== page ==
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DNA Origami
Simple synthesis could bring nanoscale design to the masses.

Source: “Folding DNA to Create Nanoscale Shapes and Patterns”
P. W. K. Rothemund
Nature 440(7082): 297-302

Results: Paul Rothemund, a Caltech computer scientist, has developed a simple technique for building nanometer-scale, two-dimensional structures of any shape or pattern from DNA. So far, he’s made, among other things, smiley faces, the letters “DNA,” and a map of the Western Hemisphere. These structures can also be combined to form larger shapes. Since the shapes “self-assemble” in solution, billions of them can be made at once.

Why It Matters: DNA is a versatile raw material for nanoscale structures. But past methods of using DNA as a nano building block were slow, labor intensive, and expensive, which limited their use to a handful of labs. The new technique is simple and inexpensive enough for widespread use, Rothemund says. Since a variety of molecules and nanoparticles can be linked to DNA, the technique could be a way of quickly patterning molecules as diverse as proteins and carbon nanotubes, possibly leading to minute electronic devices or “nanoarrays” for studying cells at an unprecedented level of detail.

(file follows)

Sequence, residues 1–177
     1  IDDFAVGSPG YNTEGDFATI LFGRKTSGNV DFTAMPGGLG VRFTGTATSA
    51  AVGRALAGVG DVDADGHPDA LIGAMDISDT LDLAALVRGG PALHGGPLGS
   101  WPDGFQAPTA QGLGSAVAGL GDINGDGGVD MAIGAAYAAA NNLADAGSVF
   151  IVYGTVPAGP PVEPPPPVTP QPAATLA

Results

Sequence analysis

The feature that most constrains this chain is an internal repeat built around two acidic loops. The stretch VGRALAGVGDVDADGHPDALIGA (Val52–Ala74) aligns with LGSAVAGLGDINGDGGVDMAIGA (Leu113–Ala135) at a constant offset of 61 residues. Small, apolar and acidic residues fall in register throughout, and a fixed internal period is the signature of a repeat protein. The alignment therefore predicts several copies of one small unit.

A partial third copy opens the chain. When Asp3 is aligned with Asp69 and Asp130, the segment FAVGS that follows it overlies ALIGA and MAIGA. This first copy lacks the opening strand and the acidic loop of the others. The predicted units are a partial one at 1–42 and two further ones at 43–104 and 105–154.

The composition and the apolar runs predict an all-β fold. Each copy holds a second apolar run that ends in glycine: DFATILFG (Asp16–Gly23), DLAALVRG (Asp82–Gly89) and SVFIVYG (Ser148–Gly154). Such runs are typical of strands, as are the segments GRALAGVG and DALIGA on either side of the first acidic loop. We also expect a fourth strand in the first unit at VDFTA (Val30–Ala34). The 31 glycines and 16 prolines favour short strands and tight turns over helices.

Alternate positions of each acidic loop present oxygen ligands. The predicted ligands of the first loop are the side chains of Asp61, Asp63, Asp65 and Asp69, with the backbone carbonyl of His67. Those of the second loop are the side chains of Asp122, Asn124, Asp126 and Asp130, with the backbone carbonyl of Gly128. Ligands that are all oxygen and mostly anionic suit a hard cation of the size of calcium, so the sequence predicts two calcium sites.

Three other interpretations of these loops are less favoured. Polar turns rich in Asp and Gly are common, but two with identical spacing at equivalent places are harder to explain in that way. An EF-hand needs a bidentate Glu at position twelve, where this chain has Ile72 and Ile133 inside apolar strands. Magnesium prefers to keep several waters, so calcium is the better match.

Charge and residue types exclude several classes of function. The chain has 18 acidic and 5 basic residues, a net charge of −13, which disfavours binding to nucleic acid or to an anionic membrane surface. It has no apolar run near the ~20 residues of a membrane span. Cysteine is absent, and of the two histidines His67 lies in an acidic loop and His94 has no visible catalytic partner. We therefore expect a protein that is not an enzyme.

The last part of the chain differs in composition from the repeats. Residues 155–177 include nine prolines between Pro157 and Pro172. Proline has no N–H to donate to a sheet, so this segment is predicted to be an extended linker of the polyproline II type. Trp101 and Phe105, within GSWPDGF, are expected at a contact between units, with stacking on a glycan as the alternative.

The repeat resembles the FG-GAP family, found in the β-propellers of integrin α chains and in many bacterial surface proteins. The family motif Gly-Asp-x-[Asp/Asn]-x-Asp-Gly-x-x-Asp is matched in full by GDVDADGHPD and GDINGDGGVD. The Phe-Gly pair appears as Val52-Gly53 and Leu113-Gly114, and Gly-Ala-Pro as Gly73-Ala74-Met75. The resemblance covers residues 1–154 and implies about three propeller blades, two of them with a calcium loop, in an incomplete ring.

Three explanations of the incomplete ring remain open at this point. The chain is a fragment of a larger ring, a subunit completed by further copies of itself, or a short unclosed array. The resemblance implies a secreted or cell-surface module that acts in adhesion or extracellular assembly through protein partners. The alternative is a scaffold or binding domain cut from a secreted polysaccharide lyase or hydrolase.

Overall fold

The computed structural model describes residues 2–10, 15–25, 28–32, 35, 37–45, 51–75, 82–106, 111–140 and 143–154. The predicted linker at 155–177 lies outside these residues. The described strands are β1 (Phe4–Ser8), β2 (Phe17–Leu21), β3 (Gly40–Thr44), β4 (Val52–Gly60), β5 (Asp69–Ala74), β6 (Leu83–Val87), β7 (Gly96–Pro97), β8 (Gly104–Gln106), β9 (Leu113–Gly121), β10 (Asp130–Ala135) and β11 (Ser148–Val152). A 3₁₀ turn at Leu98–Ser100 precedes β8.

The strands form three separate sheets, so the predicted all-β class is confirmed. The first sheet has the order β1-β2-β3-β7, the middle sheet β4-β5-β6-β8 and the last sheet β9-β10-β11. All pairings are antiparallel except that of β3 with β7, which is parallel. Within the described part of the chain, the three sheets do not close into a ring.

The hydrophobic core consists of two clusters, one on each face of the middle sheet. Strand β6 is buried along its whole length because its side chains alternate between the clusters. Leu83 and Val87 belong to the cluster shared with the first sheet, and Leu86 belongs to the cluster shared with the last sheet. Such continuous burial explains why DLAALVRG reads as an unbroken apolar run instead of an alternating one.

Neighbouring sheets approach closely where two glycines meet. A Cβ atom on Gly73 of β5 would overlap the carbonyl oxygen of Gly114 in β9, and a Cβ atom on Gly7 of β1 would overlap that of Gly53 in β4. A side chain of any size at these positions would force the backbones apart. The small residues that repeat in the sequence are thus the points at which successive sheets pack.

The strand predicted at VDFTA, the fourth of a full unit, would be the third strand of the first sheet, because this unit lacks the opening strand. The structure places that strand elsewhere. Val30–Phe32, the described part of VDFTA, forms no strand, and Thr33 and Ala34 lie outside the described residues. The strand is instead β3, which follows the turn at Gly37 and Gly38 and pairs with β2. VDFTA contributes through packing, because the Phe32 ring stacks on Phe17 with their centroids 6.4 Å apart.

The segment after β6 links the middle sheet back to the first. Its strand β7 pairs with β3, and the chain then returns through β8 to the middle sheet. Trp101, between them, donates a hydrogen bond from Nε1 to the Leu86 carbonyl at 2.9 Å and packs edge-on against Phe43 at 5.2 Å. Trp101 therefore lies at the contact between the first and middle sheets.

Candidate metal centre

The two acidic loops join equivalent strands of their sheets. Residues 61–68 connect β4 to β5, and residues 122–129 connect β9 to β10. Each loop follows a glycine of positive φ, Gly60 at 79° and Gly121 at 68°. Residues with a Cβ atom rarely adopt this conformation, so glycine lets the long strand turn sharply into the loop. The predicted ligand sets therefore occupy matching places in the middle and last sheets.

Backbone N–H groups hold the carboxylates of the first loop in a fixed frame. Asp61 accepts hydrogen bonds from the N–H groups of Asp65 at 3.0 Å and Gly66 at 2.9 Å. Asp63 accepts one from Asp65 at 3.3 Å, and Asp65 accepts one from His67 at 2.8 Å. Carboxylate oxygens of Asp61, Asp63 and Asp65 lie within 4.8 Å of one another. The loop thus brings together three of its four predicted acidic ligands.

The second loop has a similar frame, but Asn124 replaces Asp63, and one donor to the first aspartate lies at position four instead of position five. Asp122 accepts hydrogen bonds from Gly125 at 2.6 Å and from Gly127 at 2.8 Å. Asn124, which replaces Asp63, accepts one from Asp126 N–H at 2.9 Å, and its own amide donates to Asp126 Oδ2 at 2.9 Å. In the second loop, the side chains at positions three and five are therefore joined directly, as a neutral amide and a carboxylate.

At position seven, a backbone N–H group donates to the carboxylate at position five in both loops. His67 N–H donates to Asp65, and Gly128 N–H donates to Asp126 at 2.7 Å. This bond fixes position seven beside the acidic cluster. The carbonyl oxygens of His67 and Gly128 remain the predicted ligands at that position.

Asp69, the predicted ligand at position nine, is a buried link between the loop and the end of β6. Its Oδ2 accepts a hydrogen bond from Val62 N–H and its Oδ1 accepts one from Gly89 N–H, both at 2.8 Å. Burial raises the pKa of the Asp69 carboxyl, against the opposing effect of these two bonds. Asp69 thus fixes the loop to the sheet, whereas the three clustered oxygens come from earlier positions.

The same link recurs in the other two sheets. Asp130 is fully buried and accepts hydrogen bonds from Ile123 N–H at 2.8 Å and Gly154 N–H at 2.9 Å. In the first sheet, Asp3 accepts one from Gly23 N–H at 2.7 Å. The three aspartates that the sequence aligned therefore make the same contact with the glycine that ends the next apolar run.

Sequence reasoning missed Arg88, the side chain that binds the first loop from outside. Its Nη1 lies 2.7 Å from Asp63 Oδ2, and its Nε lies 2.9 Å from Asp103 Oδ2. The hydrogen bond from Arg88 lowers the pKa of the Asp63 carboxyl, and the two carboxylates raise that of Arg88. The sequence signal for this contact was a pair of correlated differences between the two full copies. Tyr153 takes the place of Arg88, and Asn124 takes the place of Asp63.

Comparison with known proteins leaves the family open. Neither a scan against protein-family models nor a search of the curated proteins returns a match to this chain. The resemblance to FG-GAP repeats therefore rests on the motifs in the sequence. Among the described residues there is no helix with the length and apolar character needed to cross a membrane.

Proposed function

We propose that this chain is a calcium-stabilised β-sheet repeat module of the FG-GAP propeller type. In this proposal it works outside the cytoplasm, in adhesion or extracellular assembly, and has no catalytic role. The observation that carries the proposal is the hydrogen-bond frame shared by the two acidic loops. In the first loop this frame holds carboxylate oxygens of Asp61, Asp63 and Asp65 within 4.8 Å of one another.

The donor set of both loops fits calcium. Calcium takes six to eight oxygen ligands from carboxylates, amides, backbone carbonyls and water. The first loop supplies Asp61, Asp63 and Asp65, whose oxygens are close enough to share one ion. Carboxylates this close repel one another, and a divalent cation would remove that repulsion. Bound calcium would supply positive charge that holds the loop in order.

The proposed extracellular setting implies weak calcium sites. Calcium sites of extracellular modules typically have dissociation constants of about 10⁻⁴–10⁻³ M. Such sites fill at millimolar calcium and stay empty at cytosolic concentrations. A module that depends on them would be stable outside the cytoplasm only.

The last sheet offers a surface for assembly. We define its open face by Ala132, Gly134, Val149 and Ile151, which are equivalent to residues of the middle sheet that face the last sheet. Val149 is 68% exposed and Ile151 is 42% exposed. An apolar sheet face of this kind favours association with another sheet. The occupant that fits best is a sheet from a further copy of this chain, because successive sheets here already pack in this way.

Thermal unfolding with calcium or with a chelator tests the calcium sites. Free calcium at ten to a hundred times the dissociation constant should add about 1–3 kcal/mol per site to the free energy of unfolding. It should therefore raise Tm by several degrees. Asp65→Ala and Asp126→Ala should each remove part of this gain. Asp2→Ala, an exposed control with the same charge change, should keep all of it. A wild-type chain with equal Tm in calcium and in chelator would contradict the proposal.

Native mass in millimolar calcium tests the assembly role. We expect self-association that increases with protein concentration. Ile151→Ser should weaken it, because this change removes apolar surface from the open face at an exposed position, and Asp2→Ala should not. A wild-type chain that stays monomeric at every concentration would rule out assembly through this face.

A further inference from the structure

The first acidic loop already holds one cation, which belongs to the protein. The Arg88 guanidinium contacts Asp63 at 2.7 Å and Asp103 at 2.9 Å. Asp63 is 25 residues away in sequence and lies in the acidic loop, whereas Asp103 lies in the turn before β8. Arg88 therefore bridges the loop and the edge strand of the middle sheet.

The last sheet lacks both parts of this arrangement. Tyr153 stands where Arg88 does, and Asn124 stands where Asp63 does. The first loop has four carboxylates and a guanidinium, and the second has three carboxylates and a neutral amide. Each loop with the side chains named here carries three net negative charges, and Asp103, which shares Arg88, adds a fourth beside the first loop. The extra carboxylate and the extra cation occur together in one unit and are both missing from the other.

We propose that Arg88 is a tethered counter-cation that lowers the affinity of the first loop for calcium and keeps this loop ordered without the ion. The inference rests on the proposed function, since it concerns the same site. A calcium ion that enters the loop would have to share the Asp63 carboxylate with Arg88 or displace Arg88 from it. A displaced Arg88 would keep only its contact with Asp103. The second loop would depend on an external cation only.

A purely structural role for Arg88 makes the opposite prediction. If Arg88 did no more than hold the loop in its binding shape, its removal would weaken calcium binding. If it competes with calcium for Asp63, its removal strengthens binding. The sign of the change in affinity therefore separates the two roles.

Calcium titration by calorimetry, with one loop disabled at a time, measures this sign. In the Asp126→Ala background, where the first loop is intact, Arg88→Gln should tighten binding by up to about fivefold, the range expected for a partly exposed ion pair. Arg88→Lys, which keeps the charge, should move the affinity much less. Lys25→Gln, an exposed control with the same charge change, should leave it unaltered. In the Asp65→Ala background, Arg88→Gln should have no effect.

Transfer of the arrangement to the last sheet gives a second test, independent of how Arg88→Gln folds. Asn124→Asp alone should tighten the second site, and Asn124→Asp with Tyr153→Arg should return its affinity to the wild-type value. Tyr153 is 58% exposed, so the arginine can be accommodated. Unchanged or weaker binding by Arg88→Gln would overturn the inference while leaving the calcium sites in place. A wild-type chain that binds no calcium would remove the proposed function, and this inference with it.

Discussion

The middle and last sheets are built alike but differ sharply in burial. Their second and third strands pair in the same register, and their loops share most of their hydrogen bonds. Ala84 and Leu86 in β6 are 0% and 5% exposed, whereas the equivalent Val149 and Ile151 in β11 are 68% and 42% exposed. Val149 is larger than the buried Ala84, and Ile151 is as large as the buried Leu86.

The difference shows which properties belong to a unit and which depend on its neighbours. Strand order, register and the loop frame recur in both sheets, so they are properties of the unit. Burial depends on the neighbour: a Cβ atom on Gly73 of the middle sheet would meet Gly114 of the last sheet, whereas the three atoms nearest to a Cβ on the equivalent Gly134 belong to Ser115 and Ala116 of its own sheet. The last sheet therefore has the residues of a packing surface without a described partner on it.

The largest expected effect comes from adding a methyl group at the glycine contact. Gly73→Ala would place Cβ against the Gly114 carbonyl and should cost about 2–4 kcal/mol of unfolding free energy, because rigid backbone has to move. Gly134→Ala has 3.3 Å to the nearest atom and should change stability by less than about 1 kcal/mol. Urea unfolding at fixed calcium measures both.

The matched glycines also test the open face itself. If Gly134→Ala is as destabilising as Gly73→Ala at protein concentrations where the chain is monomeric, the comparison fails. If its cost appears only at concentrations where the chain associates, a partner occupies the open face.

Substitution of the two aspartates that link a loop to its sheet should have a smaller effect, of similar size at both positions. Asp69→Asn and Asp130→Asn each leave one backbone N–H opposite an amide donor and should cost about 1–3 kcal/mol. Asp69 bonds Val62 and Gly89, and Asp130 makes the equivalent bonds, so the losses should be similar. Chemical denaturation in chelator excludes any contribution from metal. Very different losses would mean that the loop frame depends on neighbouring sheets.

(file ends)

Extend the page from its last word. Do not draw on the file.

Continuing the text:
Methods: Rothemund begins with a solution containing long strands of DNA with a known sequence. He then adds hundreds of different short “staple strands,” each with a sequence designed to latch on to two or three specific sections of the long strand. As the staples connect, they pull these sections together, causing the long strand to fold into the desired shape.

Next Step: Using the technique to make electronics will require the invention of a nanoscale equivalent of the transistor. Also, since any self-assembly process is prone to error, engineers will need to develop fault-tolerant computer architectures. For biological applications, such as sensors that determine the kinds of proteins in a particular cell, researchers will need to find a reliable way to read signals transmitted by the minuscule devices. Rothemund expects that the best applications of the new technique are yet to be imagined.

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Tagged: Computing, Materials

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